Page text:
Yes, there is! And that was very difficult for me at the beginning (laughs). Sharing our knowledge with companies such as Patagonia felt strange at first, but we mutually benefit from the exchange. If we really want to make a difference, we need to work together on important societal issues such as sustainability and equality.

Especially in the hardgoods sector, where toxic adhesives etc. are used, there are great opportunities to be innovative. For example, we are the only snowboard brand to make a life cycle assessment of the products. This allows us to say exactly how much emissions a single product has caused. This contains the raw materials, the transport routes, the adhesive, the processing etc.

We would like to pass on this knowledge and help the industry to become more sustainable.

Outdoor Industry Must Make Better Use of Its Own Power

What responsibility does the outdoor industry take in terms of sustainability?
In my opinion, we have a great responsibility, but we are not yet using our strength. The outdoor industry in the USA is huge. If you put it all together, it's even bigger than the pharmaceutical industry. We must use our power to demand change. However, the road is difficult, because not everyone wants to talk about this topic and admit what is happening to our world right now.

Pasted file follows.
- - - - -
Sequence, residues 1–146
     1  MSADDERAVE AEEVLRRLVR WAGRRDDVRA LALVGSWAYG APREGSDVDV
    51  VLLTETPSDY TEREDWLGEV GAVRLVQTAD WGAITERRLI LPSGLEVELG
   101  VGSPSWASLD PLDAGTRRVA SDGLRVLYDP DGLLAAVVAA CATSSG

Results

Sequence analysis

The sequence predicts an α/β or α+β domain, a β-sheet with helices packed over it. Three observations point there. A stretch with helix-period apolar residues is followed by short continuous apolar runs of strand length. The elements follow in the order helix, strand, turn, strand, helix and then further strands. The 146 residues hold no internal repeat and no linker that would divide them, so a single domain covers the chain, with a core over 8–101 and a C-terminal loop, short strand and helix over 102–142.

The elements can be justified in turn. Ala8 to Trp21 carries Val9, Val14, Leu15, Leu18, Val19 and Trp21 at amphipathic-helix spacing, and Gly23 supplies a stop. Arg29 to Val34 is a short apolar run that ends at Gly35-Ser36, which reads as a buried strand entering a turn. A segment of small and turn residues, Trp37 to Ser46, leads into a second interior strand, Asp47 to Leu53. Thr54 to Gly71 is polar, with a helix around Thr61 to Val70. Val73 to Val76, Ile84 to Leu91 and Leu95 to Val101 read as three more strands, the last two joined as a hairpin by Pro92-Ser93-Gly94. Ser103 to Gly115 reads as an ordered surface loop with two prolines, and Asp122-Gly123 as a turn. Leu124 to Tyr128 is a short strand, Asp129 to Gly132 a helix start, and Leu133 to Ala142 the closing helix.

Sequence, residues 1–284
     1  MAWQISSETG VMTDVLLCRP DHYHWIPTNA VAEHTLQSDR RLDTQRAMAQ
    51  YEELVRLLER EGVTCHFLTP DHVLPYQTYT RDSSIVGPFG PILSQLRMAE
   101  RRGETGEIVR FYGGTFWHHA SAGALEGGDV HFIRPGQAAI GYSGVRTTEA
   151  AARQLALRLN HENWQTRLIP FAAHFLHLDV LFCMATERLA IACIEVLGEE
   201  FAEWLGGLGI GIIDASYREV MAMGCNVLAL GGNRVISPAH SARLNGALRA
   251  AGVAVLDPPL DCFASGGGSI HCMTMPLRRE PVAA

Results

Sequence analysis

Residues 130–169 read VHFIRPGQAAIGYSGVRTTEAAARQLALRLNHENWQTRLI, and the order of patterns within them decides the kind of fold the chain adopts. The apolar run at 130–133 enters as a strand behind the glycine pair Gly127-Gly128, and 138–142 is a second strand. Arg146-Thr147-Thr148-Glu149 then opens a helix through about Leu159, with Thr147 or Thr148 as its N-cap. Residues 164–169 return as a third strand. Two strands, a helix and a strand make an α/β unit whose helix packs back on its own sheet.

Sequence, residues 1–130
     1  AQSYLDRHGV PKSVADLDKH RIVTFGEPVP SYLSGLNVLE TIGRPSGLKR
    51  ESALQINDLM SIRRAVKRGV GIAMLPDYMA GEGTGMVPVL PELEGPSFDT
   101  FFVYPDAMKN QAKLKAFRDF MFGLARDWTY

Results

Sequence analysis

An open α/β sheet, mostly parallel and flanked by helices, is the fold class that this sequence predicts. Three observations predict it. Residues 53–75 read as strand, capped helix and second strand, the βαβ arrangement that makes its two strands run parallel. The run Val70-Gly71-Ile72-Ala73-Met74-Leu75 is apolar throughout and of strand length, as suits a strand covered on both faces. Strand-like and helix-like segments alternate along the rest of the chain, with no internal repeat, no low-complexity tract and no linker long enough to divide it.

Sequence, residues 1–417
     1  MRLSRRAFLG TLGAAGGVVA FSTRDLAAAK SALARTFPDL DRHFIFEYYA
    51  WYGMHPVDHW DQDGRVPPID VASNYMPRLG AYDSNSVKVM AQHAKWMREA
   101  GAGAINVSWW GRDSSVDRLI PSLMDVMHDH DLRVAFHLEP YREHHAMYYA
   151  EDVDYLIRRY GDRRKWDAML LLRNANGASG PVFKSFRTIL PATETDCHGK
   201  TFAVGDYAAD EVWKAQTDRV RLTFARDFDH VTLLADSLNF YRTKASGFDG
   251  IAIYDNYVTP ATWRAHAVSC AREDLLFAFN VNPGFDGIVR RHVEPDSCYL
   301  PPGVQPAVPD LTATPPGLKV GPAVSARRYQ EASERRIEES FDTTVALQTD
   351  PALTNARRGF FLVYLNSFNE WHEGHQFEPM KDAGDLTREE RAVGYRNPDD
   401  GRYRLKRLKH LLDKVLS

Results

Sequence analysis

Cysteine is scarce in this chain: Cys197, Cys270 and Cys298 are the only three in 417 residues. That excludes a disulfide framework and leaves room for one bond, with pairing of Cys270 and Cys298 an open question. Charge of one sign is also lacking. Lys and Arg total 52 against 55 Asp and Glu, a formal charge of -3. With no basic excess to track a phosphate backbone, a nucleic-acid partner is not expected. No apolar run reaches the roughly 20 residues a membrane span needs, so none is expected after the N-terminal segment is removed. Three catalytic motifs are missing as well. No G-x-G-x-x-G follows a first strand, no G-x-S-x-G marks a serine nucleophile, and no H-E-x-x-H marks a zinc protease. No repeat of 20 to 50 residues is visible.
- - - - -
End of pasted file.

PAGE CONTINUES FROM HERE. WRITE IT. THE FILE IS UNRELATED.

In the outdoor industry we use many environmentally harmful products, and we have to look for alternatives. We are aware that we have a great responsibility, and we try different things to use less plastic and find chemicals that are less toxic.

Do you think buyers are willing to pay more for sustainably produced products?
I honestly don't know. But I believe that this issue is becoming increasingly important for today's generation. I have three sons in their twenties. All three are very demanding when it comes to the companies they buy from. My sons demand and expect that companies produce sustainably. This has personally awakened me and motivated me to become more active in this respect. But I can't say whether the majority of buyers would pay more to make their production more sustainable.

In any case, it would be very helpful if all companies complied with the Bluesign standard, because then not only the positive effects for the environment would increase, but also the production - and thus also the products - would become cheaper.

Without Women in Management Positions "You Will Never Reach the Women's Market"